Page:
Amaravathi is a small town situated on the banks of the River Krishna in the Guntur District (of which it is a mandal) of Andhra Pradesh, India. It is famous for the Amareswara temple dedicated to Lord SIVA. The temple is one of the famous Pancharamas. Amaravati, also known as Dhanyakataka/Dharanikota was the site of a great Buddhist Stupa built in pre-Mauryan times. It was also the capital of Satavahanas, the first great Andhra kings who ruled from the 2nd century BCE to the 3rd century CE, after the downfall of Maurya empire.

The Skanda Puranam  gives a picture of the place and the Siva temple located here. Sage Narada explains to Sounaka and other saints that Amareswara is situated in Amareswaram on the bank of river Krishna, and is on the south eastern side of the Srisailam temple. He also tells that Amareswaram is important because of three sacred things: the Krishna river, a Kshetram with a Sthala mahatmyam (land that has special powers) and the Mahalinga Murthy (God Siva in Lingam form).

Scroll supported by Indian Yaksha, Amaravati,
3rd century CE. Tokyo National Museum.

According to Vajrayana traditional sources the Buddha preached at Dharanikota/Dhanyakatakam and conducted Kalachakra ceremony, which would take the antiquity of Amaravati back to 500 BCE. Taranatha, the Buddhist monk writes: "On the full moon of the month Caitra in the year following his enlightenment, at the great stupa of Dhanyakataka, Buddha emanated the mandalam of "The Glorious Lunar Mansions" (Kalachakram). This shows that Dhanyakatakam (Amaravati) was a very important place at the time of composition of this tantra. The recorded history of Amaravati and nearby Dharanikota dates from 2nd century BCE.It was the capital of Andhra Satavahanas who ruled from 2nd century BCE to 3rd century CE. After the decline of Satavahanas, Andhra Ikshvakus and later Pallava kings ruled Krishna river valley. Subsequently, Eastern Chalukyas and Telugu Cholas held sway over the region. Kota Kings were in control of Amaravati during the medieval times. Kota kings were subdued by Kakatiyas in 11th century CE and Amaravati became part of the unified Telugu empire.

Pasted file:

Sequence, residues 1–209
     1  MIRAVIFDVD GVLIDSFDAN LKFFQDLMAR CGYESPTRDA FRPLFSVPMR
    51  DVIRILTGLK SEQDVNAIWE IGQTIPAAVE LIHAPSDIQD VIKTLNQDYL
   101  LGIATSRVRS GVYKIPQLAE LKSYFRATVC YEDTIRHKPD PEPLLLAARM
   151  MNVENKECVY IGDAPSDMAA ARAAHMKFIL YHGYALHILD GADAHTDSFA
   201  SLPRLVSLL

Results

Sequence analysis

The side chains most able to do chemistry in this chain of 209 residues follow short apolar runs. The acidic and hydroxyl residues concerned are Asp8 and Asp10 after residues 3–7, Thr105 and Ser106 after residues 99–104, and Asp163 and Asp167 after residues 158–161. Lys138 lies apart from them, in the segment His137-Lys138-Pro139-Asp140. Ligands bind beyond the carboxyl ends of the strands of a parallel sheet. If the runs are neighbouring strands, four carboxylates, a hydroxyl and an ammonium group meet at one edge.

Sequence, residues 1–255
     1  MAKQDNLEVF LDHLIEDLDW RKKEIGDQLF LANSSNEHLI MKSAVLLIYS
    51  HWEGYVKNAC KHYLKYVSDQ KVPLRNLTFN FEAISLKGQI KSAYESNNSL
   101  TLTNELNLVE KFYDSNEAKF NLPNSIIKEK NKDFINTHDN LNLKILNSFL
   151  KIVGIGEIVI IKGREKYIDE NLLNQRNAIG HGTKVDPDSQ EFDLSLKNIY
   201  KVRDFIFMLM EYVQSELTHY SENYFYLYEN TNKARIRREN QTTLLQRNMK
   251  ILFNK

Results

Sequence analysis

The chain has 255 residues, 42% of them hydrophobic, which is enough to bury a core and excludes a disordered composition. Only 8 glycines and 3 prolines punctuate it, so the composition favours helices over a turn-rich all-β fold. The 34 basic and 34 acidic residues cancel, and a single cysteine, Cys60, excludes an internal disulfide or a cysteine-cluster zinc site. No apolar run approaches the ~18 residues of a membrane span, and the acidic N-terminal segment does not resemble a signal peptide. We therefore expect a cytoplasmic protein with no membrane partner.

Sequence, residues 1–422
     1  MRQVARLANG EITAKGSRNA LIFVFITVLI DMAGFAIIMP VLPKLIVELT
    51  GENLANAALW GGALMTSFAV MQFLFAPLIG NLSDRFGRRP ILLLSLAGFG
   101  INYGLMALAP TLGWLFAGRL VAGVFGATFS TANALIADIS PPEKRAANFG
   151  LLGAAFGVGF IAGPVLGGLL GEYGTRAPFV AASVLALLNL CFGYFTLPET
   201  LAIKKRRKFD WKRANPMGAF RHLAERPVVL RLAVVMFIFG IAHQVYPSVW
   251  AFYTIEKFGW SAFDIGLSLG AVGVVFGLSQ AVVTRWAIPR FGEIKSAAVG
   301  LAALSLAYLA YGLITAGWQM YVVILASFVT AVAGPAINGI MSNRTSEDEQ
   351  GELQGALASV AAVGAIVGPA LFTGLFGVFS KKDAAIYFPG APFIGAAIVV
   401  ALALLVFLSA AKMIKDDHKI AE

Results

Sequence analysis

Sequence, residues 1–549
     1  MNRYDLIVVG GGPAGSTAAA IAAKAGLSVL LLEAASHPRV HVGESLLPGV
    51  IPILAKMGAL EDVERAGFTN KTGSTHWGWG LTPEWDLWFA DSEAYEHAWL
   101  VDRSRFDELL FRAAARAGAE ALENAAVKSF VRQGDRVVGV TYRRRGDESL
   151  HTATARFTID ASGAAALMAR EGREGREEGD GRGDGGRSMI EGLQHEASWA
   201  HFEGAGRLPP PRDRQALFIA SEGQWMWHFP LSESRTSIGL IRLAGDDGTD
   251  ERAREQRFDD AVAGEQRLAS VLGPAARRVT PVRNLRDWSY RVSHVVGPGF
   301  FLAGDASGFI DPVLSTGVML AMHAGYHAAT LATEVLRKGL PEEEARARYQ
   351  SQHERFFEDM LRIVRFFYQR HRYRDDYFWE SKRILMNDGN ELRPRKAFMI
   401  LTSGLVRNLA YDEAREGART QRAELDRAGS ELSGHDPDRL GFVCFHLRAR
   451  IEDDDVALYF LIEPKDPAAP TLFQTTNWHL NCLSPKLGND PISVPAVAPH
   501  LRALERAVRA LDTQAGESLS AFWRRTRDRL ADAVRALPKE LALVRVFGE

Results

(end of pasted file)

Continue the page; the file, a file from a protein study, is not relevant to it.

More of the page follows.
The town was the site of a great Buddhist stupam originally built during the reign of emperor Ashoka. It was completed in 200 CE and is decorated with carved panels which tell the story of Buddha's life. The region between Krishna and Godavari rivers was an important place for Buddhism from the 2nd century BCE and some ancient sculpture in low relief has been found here. During the Satavahana period (2nd century BCE-3rd century CE), Dharanikota near Amaravati was chosen as the capital. The stupa was then adorned with limestone reliefs and free standing Buddha figures. During the period of the decline of Buddhism, this stupa was also neglected and it was buried under rubble. There is a 14th century inscription in Sri Lanka which mentions repairs made to the stupa and after that it was forgotten.
FRIEZE from Amaravati
Depicting Amaravati  Stupam,
British Museum
Around the year 1796 CE, Colonel Colin Mackenzie, who visited the site twice, prepared drawings and sketches of the relics in the area. Eventually, several European scholars including Sir Walter Smith, Robert Sewell, James Burgess and Alexander Rea excavated the site and unearthed many sculptures that once adorned the stupa. Many bas-relief medallions and paneled friezes decorated the Amaravati stupa. Similar to Sanchi Stupa, the stupa was decorated with carvings of life and teachings of Buddha and events of Jataka Stories, e.g. taming of a rogue elephant by Buddha. The 95 ft tall stupa was made of brick with a circular dome and platforms protruding in four cardinal directions. Recent excavations have revealed remains of an Ashokan pillar, the first such example of Mauryan art to be found in South India.